davidJanuary 26, 2013 at 7:29 am #52581vanhooglesnortParticipant
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Weird. Thanks for the explanation, but now I have more questions than answers. My experience is completely different from yours. I am now wondering if I have a Frankenlathe or if someone has already carried out the procedure you described before I came to own it. I don’t suppose it matters now, but I do know some things to look for on my next purchase.January 26, 2013 at 1:16 pm #52582
I have been collecting these machines since 1971 and now have about 50 lathes. The Peerless lathes are definately among the best and, at least to me, are the best looking machines ever made. When I put a Peerless collet into a Peerless spindle it is the most perfect and precise fit I ever saw on a watchmaker lathe. As far as a piece of equipment goes my thoery is, if it does exactly what you need it to do then it is exactly what you need. The watchmaker lathe I use the most is a Boley with a Levin cross slide that I initially purchased as a rusted out piece of junk. It does not have the gorgeous look that the Peerless has but it turns accurately (after I restored and rebuilt it) and it accepts all of the collets and other accessories I have. There is a vintage collector mentality out there that places importance on brand name, does it have the original box. do all of the serial numbers match, did a previous owner modify it or refinish it etc.. The reality is that this is a tool and it will either do the job you want it to do or it will not. If your lathe does what you want it to do and does it well, then you have nothing else to worry about. If most people are not going to check out the spindle for runout and collet fit before buying a machine, then it won’t matter if the spindle bore is the original factory diameter or not; if and when you should sell it.
davidFebruary 17, 2013 at 8:47 am #52583
Hi dave , I have just bought bobs course, so I am a total newbe. I managed to buy a boley 1 ww lathe from an old watch maker. It has been sitting around in his garage for a considerable amount of time. I got it home and started to clean it, it came with a three jaw chuck fitted to the headstock.I managed to remove the chuck but the arbour is stuck in the headstock and try as a may I cannot get it out. If you could give me some advise I would be grateful, I paid £100 for it with a motor. I would hate to have to scrap it and start all over. I have never used a lathe so totally lost.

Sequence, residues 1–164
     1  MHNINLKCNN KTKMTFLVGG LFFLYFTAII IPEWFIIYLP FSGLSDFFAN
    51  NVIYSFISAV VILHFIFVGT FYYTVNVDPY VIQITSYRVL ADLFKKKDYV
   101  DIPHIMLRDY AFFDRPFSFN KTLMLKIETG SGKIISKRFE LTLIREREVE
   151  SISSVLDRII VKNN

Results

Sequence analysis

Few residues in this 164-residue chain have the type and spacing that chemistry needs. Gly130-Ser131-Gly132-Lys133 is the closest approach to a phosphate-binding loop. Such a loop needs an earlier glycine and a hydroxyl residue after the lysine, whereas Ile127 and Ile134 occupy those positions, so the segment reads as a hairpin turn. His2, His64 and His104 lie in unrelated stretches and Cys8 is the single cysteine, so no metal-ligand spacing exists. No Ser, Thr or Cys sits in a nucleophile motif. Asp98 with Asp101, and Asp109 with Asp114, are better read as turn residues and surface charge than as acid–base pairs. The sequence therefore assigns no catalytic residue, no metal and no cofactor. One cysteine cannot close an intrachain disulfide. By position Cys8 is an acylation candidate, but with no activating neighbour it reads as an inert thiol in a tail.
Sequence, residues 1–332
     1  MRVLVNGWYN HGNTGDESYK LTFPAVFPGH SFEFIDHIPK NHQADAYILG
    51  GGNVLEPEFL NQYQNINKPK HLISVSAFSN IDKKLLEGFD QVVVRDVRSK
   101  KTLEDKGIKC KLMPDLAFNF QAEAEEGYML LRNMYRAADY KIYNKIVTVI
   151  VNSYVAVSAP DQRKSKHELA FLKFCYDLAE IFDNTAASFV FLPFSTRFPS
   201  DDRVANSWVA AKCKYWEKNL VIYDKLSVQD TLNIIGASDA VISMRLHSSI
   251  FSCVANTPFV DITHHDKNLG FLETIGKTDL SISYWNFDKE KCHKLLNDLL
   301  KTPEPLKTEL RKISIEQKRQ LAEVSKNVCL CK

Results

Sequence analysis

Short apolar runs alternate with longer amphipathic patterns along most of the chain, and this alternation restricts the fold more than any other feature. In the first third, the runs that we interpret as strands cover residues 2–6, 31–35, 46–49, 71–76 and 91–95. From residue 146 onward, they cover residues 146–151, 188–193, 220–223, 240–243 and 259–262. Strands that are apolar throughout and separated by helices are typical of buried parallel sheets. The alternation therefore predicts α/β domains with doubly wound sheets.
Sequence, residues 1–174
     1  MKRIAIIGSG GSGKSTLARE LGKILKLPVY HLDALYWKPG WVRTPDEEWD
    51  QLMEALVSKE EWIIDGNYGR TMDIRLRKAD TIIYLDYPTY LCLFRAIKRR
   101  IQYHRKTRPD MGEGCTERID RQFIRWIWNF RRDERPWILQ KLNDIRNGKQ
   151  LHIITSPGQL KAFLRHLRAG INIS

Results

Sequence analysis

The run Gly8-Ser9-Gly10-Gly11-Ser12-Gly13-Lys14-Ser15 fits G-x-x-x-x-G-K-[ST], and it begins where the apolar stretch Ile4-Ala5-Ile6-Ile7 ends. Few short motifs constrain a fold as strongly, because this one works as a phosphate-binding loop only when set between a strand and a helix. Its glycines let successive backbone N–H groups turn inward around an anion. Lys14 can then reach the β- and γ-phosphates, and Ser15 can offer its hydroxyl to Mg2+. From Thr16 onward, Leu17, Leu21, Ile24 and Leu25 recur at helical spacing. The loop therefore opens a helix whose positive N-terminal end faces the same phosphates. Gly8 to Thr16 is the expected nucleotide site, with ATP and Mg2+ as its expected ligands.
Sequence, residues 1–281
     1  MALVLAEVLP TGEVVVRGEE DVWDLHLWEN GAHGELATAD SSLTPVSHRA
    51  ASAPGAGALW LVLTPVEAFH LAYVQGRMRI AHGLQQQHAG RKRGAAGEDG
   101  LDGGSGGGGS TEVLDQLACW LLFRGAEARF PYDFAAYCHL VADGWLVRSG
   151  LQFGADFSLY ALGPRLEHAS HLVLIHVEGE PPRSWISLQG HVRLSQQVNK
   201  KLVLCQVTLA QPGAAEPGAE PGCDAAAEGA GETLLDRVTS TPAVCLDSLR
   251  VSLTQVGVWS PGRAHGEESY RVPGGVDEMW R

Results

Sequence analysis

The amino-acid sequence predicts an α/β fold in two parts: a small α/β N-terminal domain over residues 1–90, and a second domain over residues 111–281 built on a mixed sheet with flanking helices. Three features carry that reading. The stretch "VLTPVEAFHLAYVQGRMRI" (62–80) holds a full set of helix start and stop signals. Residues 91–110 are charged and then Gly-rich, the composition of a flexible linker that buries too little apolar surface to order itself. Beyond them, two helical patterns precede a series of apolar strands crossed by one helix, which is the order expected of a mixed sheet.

I hope you can help
AlanFebruary 17, 2013 at 12:19 pm #52584
I hate it when that happens. The cause for the stuck arbor could be due to the arbor rusting a bit inside the spindle. First, take the lathe apart. On the back of the spindle is the knurled adjusting nut. Unscrew the nut and remove it. Next slide off the keyed washer on the back. After that unscrew the locking screw on the stepped pulley and remove the screw. Rock the pulley back and forth to make sure is is free of the spindle. Now take a piece of soft wood and tap the spindle out of the headstock (out the front), with the piece of wood. Do not use a metal hammer for this. Next take a block of hard wood and drill a hole in it to clear the stuck arbor but trap the nose of the spindle. Place the nose of the spindle over the hole so the spindle is positioned vertically and pour some penetrating oil (diesel fuel) into the hole. Allow the oil some time to work its way in. Then take a BRASS rod and hammer the arbor out of the spindle. Do not do this while the spindle is still in the headstock. You could damage the cone bearings.